We love these extensions because, when they are installed correctly (which is extremely easy to do), the chances of damage are low. Tape-ins are lightweight and easy to remove, provided that you use a tape removal solution. 

Note: All hair extensions are made from either human or synthetic hair, with synthetic hair extensions having the highest probability of scalp irritation or other adverse reactions.

The Ultimate Risk: Traction Alopecia from Hair Extensions Damage

Lady with a white tank, blue jean jacket, and wavy human hair tape extensions.

Traction alopecia is hair loss caused by constant tension on the hair. It can be caused by heavy extensions, wearing your hair in tight braids frequently, or wearing tight ponytails, buns, and braids.

Traction alopecia may be reversible if you take a break from extension styles that cause it. However, failing to act when you see evidence of hair loss can lead to permanent hair loss and scalp damage.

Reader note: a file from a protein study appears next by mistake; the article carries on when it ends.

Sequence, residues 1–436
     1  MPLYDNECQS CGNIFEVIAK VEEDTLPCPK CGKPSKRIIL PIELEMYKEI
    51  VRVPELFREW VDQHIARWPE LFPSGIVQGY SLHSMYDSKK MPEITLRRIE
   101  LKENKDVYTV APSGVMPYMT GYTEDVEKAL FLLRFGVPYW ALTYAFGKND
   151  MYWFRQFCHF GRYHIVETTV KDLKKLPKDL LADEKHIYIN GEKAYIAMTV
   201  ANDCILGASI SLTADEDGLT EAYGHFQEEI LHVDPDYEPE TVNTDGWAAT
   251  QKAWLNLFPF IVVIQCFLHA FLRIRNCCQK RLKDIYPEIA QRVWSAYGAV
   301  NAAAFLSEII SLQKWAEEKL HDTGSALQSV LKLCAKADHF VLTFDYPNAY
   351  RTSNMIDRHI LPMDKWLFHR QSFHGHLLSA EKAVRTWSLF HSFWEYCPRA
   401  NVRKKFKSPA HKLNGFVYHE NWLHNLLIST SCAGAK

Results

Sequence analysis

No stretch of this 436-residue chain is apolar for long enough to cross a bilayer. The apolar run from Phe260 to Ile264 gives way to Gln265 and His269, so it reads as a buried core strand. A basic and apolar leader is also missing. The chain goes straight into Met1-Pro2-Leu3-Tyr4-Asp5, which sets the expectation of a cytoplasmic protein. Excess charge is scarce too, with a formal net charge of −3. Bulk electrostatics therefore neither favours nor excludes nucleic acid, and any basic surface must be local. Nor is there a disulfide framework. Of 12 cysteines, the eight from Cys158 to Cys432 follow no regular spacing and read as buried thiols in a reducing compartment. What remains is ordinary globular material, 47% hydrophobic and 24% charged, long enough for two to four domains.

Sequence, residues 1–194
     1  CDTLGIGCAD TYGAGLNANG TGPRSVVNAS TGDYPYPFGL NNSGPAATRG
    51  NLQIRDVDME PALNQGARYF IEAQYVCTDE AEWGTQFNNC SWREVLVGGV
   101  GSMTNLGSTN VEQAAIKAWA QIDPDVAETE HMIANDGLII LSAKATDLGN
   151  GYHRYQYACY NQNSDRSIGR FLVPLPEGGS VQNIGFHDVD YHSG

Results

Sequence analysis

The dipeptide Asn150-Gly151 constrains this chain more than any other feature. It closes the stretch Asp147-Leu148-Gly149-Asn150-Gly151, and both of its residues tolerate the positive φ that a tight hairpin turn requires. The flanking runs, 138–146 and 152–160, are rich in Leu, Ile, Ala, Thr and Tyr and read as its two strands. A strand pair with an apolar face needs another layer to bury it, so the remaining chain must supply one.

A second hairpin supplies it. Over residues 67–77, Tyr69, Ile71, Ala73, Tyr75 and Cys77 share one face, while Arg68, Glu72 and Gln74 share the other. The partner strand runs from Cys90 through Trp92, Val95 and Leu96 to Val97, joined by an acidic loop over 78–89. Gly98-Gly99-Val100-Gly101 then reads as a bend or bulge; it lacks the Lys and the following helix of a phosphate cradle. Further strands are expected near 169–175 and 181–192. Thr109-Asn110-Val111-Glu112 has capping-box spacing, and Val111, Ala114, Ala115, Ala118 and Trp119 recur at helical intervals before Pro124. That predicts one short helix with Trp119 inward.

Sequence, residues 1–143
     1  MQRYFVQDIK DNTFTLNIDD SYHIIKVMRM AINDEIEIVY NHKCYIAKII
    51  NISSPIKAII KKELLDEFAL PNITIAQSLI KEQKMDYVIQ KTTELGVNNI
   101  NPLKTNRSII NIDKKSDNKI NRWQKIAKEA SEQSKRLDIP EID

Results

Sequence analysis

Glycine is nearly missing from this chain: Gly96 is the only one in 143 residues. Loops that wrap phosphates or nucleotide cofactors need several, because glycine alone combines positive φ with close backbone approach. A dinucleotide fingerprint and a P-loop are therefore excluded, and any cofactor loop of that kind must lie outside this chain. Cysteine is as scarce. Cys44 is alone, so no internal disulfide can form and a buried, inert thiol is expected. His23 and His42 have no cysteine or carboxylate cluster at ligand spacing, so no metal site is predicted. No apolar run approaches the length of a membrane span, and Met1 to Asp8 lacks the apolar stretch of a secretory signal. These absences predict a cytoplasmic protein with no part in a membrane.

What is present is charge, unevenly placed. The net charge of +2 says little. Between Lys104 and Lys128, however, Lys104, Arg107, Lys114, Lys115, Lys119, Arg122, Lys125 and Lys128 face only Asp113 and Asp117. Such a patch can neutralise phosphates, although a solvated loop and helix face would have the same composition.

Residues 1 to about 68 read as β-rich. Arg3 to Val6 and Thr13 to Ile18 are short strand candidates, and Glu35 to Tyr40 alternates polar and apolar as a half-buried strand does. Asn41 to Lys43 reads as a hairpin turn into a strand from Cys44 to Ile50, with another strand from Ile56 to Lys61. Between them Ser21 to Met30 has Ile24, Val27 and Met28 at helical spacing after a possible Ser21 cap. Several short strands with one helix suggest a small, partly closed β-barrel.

How to Mitigate Damage from Hair Extensions

If you have damage from extensions, don’t worry! Most damage from hair extensions is reversible, especially if you address it immediately.

Here are some ways you can reduce and prevent damage from hair extensions.

Give Your Hair a Break to Prevent Damaged Hair

Women with a type 3 hair type wearing permanent extensions.

The best way to mitigate damage from hair extensions is to take breaks from hair extensions and keep up with maintenance as needed. After wearing hair extensions for several weeks, it’s not recommended to get new extensions straight away.

Also, on the topic of maintenance, certain types of extensions need to be refitted every few weeks (including tape-in extensions and micro ring extensions).

When you go for regular refitting sessions (i.e., maintenance appointments), the hair extensions will pull less on your hair, which will minimize your chances of developing traction alopecia or breakage. 

Strengthen Your Natural Hair 

Strengthening your natural hair will enable it to better hold the weight of extensions and reduce the risk of hair loss.

You can use hair products, such as moisturizing conditioner, deep conditioning hair treatments, and other products with ingredients like collagen, silk proteins, and hyaluronic acid to strengthen your natural hair.